U.S. envoy raises prospect of compromise in North Korea talks
Washington is willing to discuss many actions to improve ties and entice Pyongyang to give up nuclear weapons, the U.S. special envoy for North Korea said on Thursday, but set out an extensive list of demands for the North, including a full disclosure of its weapons program, Trend reports referring to Reuters.
In a speech at Stanford University in Palo Alto, California, envoy Stephen Biegun did not elaborate on what concessions the United States might make, but said the corresponding measures demanded by North Korea would be the subject of talks next week.
Biegun will arrive in Seoul on Sunday for meetings with South Korean officials, before holding talks with North Korean negotiators.
From our side, we are prepared to discuss many actions that could help build trust between our two countries and advance further progress in parallel on the Singapore summit objectives of transforming relations, establishing a permanent peace regime on the peninsula, and complete denuclearization, he said.
Biegun’s comment referred to the unprecedented meeting last June between North Korean leader Kim Jong Un and U.S. President Donald Trump in the wealthy Asian city-state.
Trump hailed tremendous progress in his dealings with the North Korea and told reporters in the Oval Office on Thursday that the date and location of a second summit with Kim would be announced early next week and probably during his State of the Union speech on Tuesday.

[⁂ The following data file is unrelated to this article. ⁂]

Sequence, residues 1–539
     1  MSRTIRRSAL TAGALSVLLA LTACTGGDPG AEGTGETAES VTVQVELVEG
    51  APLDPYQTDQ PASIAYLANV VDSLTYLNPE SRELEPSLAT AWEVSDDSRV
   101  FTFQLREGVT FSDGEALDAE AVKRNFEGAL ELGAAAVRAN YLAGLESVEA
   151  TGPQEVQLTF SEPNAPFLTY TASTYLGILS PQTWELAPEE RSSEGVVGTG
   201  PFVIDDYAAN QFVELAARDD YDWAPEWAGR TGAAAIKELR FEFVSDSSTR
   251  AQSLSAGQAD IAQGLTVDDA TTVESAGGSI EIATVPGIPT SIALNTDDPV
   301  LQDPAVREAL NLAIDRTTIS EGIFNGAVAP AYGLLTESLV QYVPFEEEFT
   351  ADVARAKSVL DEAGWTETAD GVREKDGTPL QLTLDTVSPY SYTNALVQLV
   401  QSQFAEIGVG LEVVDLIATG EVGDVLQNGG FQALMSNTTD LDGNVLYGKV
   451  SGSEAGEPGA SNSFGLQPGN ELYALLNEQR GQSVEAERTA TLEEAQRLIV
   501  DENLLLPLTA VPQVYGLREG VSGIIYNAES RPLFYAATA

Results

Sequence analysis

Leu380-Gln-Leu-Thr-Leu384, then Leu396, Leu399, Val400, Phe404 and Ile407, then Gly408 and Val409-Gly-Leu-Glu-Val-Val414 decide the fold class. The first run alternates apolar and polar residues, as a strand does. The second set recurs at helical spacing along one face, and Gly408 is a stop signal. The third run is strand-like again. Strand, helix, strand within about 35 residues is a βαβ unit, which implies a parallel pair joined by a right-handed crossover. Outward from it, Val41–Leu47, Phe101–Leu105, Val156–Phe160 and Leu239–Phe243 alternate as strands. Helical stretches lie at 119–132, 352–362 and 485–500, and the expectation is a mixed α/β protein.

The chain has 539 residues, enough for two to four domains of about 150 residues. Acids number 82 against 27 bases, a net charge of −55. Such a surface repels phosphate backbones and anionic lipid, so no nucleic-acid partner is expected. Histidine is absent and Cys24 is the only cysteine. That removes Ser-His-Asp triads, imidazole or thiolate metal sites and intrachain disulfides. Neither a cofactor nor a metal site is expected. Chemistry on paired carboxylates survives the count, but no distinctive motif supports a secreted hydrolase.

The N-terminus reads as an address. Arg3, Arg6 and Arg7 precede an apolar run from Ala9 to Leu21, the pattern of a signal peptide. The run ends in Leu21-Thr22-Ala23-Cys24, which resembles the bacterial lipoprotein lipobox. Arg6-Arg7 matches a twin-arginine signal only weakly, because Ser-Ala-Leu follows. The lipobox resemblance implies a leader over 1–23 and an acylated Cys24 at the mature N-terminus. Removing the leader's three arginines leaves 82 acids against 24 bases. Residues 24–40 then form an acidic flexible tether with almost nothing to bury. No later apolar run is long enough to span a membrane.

North Korea has complained that the United States has done little to reciprocate for its actions so far to dismantle some weapons facilities and freeze its weapons testing. It has repeatedly urged a lifting of punishing U.S.-led sanctions and also a formal end to the war, as well as security guarantees.
In his most detailed public remarks on his approach to North Korea after five months in his role, Biegun said the United States had told the North it was prepared to pursue commitments made in Singapore simultaneously and in parallel and had already eased rules on delivery of humanitarian aid to it.
Still, he outlined a long list of demands North Korea would eventually need to meet, such as allowing expert access and monitoring mechanisms of nuclear and missile sites.
It would have to ultimately ensure removal or destruction of stockpiles of fissile material, weapons, missiles, launchers and other weapons of mass destruction, he added.
Pyongyang has rejected making an itemized declaration of its weapons programs for decades.
Source: Trend News Agency